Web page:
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(Jul 29, 23:38)




26
Sep 2010

Labour chooses a Miliband

Ed Miliband has insisted Labour will not “lurch to the left” under his leadership and he will not be in thrall to the trade unions, despite winning with the backing of their members.

This, more or less, was the first message that the new leader of the British Labour Party sought to communicate.

Ed Miliband

Ed Miliband
(as red as his necktie)

His first media offensive didn’t take aim at the savage public sector cuts being implemented by the tory government. It wasn’t focussed on the terrifying levels of control that undemocratic institutions (the financial sector, corporations, the media, markets) now possess over modern society. Or the dreadful mess they’ve made with it. He didn’t even use the publicity generated by his election to establish clear water between himself and the thoroughly discredited governments of his predecessors.

Nope, the ironically nicknamed “Red Ed” chose instead to assure the nation that he is — in essence — no different to every other career politician within a mile of power during the past couple of decades. He is of the Ineffectual Centre, and don’t anyone forget it. His dismissal of the unions was a dismissal of the ever-dwindling working class. Sure, he knows he’ll have to submit to some photo-ops in factories, supermarkets and (wearing a hard hat) on one of Britain’s few remaining construction projects. That’s par for the course for any politician, whatever the party.

Just please don’t get the impression he actually represents those people.

I’m convinced that the “Red Ed” nickname is, genuinely, nothing more than the result of lazy tabloid headline writers who like the rhyme, despite knowing nothing whatsoever about the man’s politics. Yes, he has said that his own ideas for cutting the deficit involve less spending cuts and more tax increases than the tories (or indeed than Alistair Darling, the author of the last New Labour budget). But it’s pretty marginal stuff. He’s certainly not talking about nationalising essential industries or shifting away from a profit-driven model of economic activity (which, whether you agree with them or not, would be the kind of ideas that actually warrant the sobriquet “Red Ed”).

As power has drained out of politics, so modern politicians — even those at the very top — have become middle management. The aims and values of society are dictated to them by markets and tabloids. And like middle management the world over, they have a little bit of leeway as to how best those aims can be achieved and those values upheld. But it is only a little bit. They certainly have almost no control over the aims and values themselves.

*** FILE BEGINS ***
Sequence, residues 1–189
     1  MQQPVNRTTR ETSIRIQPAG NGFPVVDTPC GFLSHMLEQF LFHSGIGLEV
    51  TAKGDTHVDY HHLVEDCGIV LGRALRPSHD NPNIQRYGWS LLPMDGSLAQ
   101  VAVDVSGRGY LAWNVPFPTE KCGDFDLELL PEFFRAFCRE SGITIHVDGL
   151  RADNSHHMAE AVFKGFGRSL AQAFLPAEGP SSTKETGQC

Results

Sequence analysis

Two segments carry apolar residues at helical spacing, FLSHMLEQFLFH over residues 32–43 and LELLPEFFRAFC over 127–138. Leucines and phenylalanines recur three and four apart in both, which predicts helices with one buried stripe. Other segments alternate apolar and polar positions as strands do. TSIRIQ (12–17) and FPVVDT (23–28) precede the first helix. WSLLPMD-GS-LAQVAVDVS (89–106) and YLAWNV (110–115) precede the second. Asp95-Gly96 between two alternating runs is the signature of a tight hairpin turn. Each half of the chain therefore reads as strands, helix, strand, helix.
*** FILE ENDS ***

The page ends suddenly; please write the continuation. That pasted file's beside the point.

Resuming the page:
Ed Miliband, newly elected leader of the Labour Party, has spent his first day at the helm desperately trying to reassure markets and tabloids that he is willing to toe their line. That he has no plans to challenge their leadership. And that he certainly has no intention of representing the people who actually elected him.

Which, I suppose, makes him perfectly qualified to be the next Prime Minister when the current UK government fails.

5 comments  |  Posted in: Opinion


10
Sep 2010

The radicals will come out…

I’m watching BBC World News. Currently being broadcast is a debate about Islam, how it’s perceived in the west (particularly America), the “Ground Zero Mosque”, Pastor Terry Jones of Florida threatening to hold a Koran-burning party and other inflammatory issues raised on the eve of the anniversary of the September 11th attacks.

The most depressing thing about the debate is how incredibly predictable it all is. Representing, I suppose, “the average American” is a construction worker whose every utterance seems carefully crafted to further the “insular Yank” stereotype. Knowing, as I do, plenty of intelligent and well-informed Americans, I find myself cringing at the caricature being beamed around the world. And I wonder whether or not this man is genuinely representative of America (more so than those intelligent, well-informed folks of my acquaintance) or whether he has been chosen for his fulfillment of a stereotype prevalent in the media.

Unfortunately, I suspect it’s the former. Partly based on my inherent cynicism and partly based upon my observations of US media and political policy — a very small minority of which appears to come from a place of informed intelligence.